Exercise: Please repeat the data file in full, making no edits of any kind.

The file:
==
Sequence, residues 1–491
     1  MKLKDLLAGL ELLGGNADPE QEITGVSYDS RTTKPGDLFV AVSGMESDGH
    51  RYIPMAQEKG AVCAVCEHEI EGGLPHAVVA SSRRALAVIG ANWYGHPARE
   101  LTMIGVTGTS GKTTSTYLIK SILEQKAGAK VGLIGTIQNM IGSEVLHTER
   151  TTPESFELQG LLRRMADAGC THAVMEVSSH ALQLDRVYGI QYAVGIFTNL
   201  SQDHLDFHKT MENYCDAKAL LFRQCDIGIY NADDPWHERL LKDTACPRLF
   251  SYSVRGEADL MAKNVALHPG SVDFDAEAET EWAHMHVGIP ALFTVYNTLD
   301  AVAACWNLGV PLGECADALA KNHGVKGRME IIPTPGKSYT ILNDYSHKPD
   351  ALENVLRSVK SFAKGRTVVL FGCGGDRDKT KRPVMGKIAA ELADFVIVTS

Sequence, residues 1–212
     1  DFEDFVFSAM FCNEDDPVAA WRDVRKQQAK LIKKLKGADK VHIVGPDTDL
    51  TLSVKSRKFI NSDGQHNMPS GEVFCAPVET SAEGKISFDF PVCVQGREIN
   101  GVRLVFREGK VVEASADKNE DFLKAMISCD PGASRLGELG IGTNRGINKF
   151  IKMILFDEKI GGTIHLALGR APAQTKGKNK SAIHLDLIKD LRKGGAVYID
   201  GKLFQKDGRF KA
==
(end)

Sequence, residues 1–491
     1  MKLKDLLAGL ELLGGNADPE QEITGVSYDS RTTKPGDLFV AVSGMESDGH
    51  RYIPMAQEKG AVCAVCEHEI EGGLPHAVVA SSRRALAVIG ANWYGHPARE
   101  LTMIGVTGTS GKTTSTYLIK SILEQKAGAK VGLIGTIQNM IGSEVLHTER
   151  TTPESFELQG LLRRMADAGC THAVMEVSSH ALQLDRVYGI QYAVGIFTNL
   201  SQDHLDFHKT MENYCDAKAL LFRQCDIGIY NADDPWHERL LKDTACPRLF
   251  SYSVRGEADL MAKNVALHPG SVDFDAEAET EWAHMHVGIP ALFTVYNTLD
   301  AVAACWNLGV PLGECADALA KNHGVKGRME IIPTPGKSYT ILNDYSHKPD
   351  ALENVLRSVK SFAKGRTVVL FGCGGDRDKT KRPVMGKIAA ELADFVIVTS

Sequence, residues 1–212
     1  DFEDFVFSAM FCNEDDPVAA WRDVRKQQAK LIKKLKGADK VHIVGPDTDL
    51  TLSVKSRKFI NSDGQHNMPS GEVFCAPVET SAEGKISFDF PVCVQGREIN
   101  GVRLVFREGK VVEASADKNE DFLKAMISCD PGASRLGELG IGTNRGINKF
   151  IKMILFDEKI GGTIHLALGR APAQTKGKNK SAIHLDLIKD LRKGGAVYID
   201  GKLFQKDGRF KA